No, A Wall Didn't Save El Paso From Crime: Fact Checks On Pres. Trump's Rally Statements
President Donald Trump on Monday presented the border wall as a work in progress, hailing the start of a "big, big portion" with much more coming soon. That's a hefty exaggeration from a president who has yet to see an extra mile of barrier completed since he took office.
With another possible government shutdown looming, and illegal immigration still at the heart of the budget dispute, Trump is pulling out the stops to portray his proposed wall as essential to public safety, including stemming crime. As he's done repeatedly, Trump also defied the record in claiming that the wall that Congress has refused to pay for is rapidly coming together anyway.
Trump addressed the subjects at an El Paso, Texas, rally Monday night and an earlier White House meeting with sheriffs. A look at some of his comments:
TRUMP, on the effect of a border wall on crime: "When that wall went up, it's a whole different ball game. ... I don't care whether a mayor is a Republican or a Democrat. They're full of crap when they say it hasn't made a big difference. I heard the same thing from the fake news. They said, 'Oh crime, it actually stayed the same.' It didn't stay the same. It went way down. ... Thanks to a powerful border wall in El Paso, Texas, it's one of America's safest cities now."
THE FACT: Trump falsely suggests a dramatic drop in crime in El Paso due to a border wall. In fact, the city's murder rate was less than half the national average in 2005, the year before the start of its border fence. It's true that the FBI's Uniform Crime Report shows that El Paso's annual number of reported violent crimes dropped from nearly 5,000 in 1995 to around 2,700 in 2016. But that corresponded with similar declines in violent crime nationwide and included periods when the city's crime rates increased year over year, despite new fencing and walls.
TRUMP, on his proposed wall: "We've built a lot of it." ... "We've actually started a big, big portion of the wall today at a very important location, and it's going to go up pretty quickly over the next nine months. That whole area will be finished. It's fully funded ... and we're going to have a lot of wall being built over the next period of time." — White House remarks.
THE FACTS: There's less going on here than his words convey. Construction is getting started on merely 14 miles of extended barrier, approved by Congress about a year ago in an appropriation that also authorized money to renovate and strengthen some existing fencing. The extension will be in Texas' Rio Grande Valley. That's not a "big, big portion" of the grand project he promised in his campaign and countless times since — a wall that, combined with existing fencing and natural barriers, would seal the nearly 2,000-mile border with Mexico.
The fight with Democrats in Congress now is over his demand for a $5.7 billion down payment on the wall. That money would pay for a little over 200 miles of new barrier. Democrats have refused to approve anything close to that for extended barrier construction.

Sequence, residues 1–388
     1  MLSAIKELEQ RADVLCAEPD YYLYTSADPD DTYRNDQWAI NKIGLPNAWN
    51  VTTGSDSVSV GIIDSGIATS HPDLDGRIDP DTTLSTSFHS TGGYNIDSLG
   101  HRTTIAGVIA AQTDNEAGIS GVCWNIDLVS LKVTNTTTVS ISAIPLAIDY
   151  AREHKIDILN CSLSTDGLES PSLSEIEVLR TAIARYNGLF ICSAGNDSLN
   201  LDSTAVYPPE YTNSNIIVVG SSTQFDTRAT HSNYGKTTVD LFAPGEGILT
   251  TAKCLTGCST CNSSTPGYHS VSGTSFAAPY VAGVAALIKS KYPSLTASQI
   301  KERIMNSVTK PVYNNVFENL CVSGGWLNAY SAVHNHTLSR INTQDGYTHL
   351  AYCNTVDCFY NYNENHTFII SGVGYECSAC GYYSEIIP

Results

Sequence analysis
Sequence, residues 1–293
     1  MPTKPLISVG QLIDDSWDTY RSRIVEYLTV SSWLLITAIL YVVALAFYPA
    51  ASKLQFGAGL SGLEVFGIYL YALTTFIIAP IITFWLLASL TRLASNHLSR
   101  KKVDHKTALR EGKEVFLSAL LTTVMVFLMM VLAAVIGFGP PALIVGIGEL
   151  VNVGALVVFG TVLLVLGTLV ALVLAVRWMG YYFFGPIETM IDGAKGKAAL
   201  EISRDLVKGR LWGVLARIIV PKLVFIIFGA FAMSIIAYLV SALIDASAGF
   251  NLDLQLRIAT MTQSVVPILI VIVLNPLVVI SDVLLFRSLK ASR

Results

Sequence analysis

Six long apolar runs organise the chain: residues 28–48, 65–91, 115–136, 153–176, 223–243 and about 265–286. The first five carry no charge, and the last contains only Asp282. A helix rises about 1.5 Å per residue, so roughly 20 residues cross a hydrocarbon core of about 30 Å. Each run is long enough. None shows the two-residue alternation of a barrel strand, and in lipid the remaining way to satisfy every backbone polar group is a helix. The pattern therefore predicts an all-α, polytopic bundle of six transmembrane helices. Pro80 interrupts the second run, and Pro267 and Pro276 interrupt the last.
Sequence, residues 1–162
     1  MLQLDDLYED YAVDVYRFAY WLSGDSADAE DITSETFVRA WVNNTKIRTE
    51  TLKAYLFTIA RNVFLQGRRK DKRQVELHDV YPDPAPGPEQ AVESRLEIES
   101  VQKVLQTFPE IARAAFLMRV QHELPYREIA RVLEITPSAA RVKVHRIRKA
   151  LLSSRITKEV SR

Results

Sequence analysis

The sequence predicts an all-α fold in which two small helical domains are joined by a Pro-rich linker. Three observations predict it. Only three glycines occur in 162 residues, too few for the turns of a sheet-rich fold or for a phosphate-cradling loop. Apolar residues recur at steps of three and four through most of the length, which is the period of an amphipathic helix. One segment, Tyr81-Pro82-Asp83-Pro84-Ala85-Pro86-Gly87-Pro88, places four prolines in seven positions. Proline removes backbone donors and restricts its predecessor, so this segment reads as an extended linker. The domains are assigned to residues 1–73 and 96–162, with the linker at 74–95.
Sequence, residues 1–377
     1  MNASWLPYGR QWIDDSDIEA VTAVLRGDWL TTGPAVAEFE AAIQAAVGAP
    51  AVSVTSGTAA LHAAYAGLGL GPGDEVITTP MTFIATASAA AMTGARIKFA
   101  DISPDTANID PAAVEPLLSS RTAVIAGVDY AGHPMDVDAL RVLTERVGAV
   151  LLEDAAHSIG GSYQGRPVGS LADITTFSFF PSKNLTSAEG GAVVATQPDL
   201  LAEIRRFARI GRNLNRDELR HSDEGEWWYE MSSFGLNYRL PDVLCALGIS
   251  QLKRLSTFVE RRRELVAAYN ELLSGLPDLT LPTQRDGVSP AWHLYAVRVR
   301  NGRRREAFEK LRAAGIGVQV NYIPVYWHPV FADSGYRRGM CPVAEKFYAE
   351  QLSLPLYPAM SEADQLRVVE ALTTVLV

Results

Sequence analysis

Trump also promised in the campaign that he would make Mexico pay for the wall, which it refused to do.
He inherited over 650 miles of border barrier from previous administrations.
TRUMP, on preparations for his rally: "We have a line that is very long already. I mean, you see what's going on. And I understand our competitor's got a line, too, but it's a tiny little line." — at the White House.
THE FACTS: That's not true. His comment came about four hours before his El Paso rally and a competing one nearby, led by Beto O'Rourke, a prospective Democratic presidential contender. The gathering for both events was small at the time. People were standing around in a dusty wind, not so much lined up.
TRUMP, addressing El Paso rally: "He has 200 people, 300 people, not too good. ... That may be the end of his presidential bid."
THE FACTS: That's not true, either. O'Rourke's march and rally drew thousands. Police did not give an estimate, but his crowd filled up nearly all of a baseball field from the stage at the infield to the edge of outfield and was tightly packed.
TRUMP: "We're going to El Paso. ... We're going there to keep our country safe, and we don't want murderers and drug dealers and gang members, MS-13, and some of the worst people in the world coming into our country. ... We need a wall."
THE FACTS: Trump suggests that weak border enforcement is contributing to vicious crime committed by MS-13, a gang held responsible for murders in cities across the U.S. But sealing the border completely would not eliminate the gang. It was founded in the U.S. in the 1980s by Salvadoran immigrants and has sunk roots in the country. Some of its members are U.S. citizens and not subject to deportation or border enforcement.
The government has not said recently how many members it thinks are citizens and immigrants. In notable raids on MS-13 in 2015 and 2016, most of the people caught were found to be U.S. citizens. More broadly, there is scant evidence that immigrants are perpetuating a crime wave. In a paper published last year, sociologists Michael Light and Ty Miller reviewed crime in every state and the District of Columbia from 1990 to 2014. They found that a rising number of immigrants in the country illegally corresponded with a drop, not a rise, in reported crime.
The authors acknowledged that it's possible that people who came illegally are less likely to report a crime. But the authors also note that such immigrants overwhelmingly arrived to work, a trend that helps reduce crime levels.
Associated Press writers Will Weissert in El Paso, Texas, Elliot Spagat in San Diego and Kevin Freking and Michael Balsamo in Washington contributed to this report.